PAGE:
Forbearance has nothing to do with with your forebears (although, come to think of it, it might). Forbearance has to do with patiently bearing disappointment with others. It is most commonly called for when we have occasion to be disappointed with someone because of their inconsideration and even rudeness. The New Testament describes it as a trait of the highest order which reports to the “love one another” passages of the New Covenant. It is thus a trait that only those truly serious about following Christ ever come close to attaining. The good news is for these few ardent disciples of the Christ, of which I hope we all aspire to be, it is one of the essential means for which we qualify for the fuller potential of our heavenly reward (1Tim. 4:8). To my shame though, it is sadly one of those difficult disciplines of which I too often neglect and fail to attend to its practice. As I read Scripture I can see that I wasn’t the only one either. The Apostle Paul begged the immature Corinthian believers to show him forbearance at one of those times when it is urgently called for: when we are being corrected.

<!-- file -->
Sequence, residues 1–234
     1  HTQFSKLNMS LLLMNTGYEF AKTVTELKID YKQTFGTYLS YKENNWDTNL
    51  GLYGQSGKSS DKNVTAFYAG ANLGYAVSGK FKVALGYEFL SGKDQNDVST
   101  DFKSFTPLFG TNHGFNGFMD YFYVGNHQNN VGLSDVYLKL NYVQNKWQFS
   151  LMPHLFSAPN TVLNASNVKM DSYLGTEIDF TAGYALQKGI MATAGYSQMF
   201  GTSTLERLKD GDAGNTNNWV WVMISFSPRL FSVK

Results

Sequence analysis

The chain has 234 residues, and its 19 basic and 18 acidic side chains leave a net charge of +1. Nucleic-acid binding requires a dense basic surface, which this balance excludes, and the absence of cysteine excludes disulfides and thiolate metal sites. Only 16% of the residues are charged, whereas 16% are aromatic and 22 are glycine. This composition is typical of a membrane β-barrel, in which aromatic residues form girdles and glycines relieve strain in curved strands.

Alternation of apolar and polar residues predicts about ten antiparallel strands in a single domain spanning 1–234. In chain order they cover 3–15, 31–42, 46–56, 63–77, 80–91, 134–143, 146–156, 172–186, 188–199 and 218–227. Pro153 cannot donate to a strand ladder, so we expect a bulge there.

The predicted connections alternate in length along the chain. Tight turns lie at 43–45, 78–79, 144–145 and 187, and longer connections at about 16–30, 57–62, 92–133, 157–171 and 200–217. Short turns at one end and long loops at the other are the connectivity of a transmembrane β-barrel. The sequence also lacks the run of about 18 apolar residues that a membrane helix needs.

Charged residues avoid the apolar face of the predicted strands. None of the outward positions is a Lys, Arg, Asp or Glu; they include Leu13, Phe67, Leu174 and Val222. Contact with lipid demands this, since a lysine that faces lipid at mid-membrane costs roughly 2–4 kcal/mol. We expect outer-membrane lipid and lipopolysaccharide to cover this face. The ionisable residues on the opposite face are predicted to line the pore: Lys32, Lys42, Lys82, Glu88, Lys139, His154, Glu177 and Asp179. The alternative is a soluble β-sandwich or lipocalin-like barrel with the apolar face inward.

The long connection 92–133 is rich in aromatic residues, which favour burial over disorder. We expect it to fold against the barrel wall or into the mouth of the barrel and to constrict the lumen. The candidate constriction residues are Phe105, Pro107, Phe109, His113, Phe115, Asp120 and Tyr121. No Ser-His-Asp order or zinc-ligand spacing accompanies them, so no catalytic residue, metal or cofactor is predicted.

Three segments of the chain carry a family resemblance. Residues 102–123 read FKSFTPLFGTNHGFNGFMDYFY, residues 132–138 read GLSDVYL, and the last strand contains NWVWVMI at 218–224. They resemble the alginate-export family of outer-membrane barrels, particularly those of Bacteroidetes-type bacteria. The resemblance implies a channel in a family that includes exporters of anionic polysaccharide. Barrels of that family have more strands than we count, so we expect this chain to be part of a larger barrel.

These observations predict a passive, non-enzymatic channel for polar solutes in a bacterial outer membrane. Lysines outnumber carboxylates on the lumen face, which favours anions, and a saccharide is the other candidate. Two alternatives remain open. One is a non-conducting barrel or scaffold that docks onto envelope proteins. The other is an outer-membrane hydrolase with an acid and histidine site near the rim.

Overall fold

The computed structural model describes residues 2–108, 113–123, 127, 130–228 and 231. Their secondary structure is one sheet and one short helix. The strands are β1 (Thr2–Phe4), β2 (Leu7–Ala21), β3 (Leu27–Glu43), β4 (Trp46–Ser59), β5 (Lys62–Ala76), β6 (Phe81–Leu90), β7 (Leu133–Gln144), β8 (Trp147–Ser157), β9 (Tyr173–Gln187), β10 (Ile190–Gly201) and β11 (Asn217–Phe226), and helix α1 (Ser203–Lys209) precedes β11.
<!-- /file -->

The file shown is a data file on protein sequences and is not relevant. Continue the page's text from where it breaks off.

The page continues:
¶ I wish you would bear with me in a little foolishness. Do bear with me!
Second Corinthians 11:1
You might point out to me though, that I have just provided an example of an appeal to ‘bear’ rather than to ‘forbear’. The reason for this is painful. Before any of us can begin to forbear, we must first develop the reflex of being able to bear with others (if you a part of a larger family, you have probable got a head-start on the rest of us). 
¶ I therefore, a prisoner for the Lord, urge you to walk in a manner worthy of the calling to which you have been called, with all humility and gentleness, with patience, bearing with one another in love,
Ephesians 4:1-2
I have found that most of us love love. We love receiving it. We love seeing it. We love hearing about it. But I think we are less interested in studying it with the aim of learning how to do it better(?). The God who saved us did so because of His unconditional love for us. We now worship Him in surrender and adoration in return. As we do, we are being transformed more and more into His likeness.